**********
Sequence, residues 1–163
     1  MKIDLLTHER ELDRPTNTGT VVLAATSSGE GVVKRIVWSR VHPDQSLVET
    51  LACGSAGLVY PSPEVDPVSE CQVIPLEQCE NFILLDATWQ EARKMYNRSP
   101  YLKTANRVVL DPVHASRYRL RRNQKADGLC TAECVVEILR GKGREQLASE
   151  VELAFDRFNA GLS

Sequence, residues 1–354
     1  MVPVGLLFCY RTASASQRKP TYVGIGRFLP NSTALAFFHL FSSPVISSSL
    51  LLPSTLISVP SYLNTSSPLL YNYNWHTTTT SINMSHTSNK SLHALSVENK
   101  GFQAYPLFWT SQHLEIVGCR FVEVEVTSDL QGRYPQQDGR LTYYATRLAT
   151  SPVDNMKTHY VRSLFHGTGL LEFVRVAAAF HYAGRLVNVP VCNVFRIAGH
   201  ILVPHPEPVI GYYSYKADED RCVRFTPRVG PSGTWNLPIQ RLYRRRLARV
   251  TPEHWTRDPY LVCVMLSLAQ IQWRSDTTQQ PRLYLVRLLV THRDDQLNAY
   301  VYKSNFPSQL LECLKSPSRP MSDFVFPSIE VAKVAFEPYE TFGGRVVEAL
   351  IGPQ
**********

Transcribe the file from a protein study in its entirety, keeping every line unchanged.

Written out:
Sequence, residues 1–163
     1  MKIDLLTHER ELDRPTNTGT VVLAATSSGE GVVKRIVWSR VHPDQSLVET
    51  LACGSAGLVY PSPEVDPVSE CQVIPLEQCE NFILLDATWQ EARKMYNRSP
   101  YLKTANRVVL DPVHASRYRL RRNQKADGLC TAECVVEILR GKGREQLASE
   151  VELAFDRFNA GLS

Sequence, residues 1–354
     1  MVPVGLLFCY RTASASQRKP TYVGIGRFLP NSTALAFFHL FSSPVISSSL
    51  LLPSTLISVP SYLNTSSPLL YNYNWHTTTT SINMSHTSNK SLHALSVENK
   101  GFQAYPLFWT SQHLEIVGCR FVEVEVTSDL QGRYPQQDGR LTYYATRLAT
   151  SPVDNMKTHY VRSLFHGTGL LEFVRVAAAF HYAGRLVNVP VCNVFRIAGH
   201  ILVPHPEPVI GYYSYKADED RCVRFTPRVG PSGTWNLPIQ RLYRRRLARV
   251  TPEHWTRDPY LVCVMLSLAQ IQWRSDTTQQ PRLYLVRLLV THRDDQLNAY
   301  VYKSNFPSQL LECLKSPSRP MSDFVFPSIE VAKVAFEPYE TFGGRVVEAL
   351  IGPQ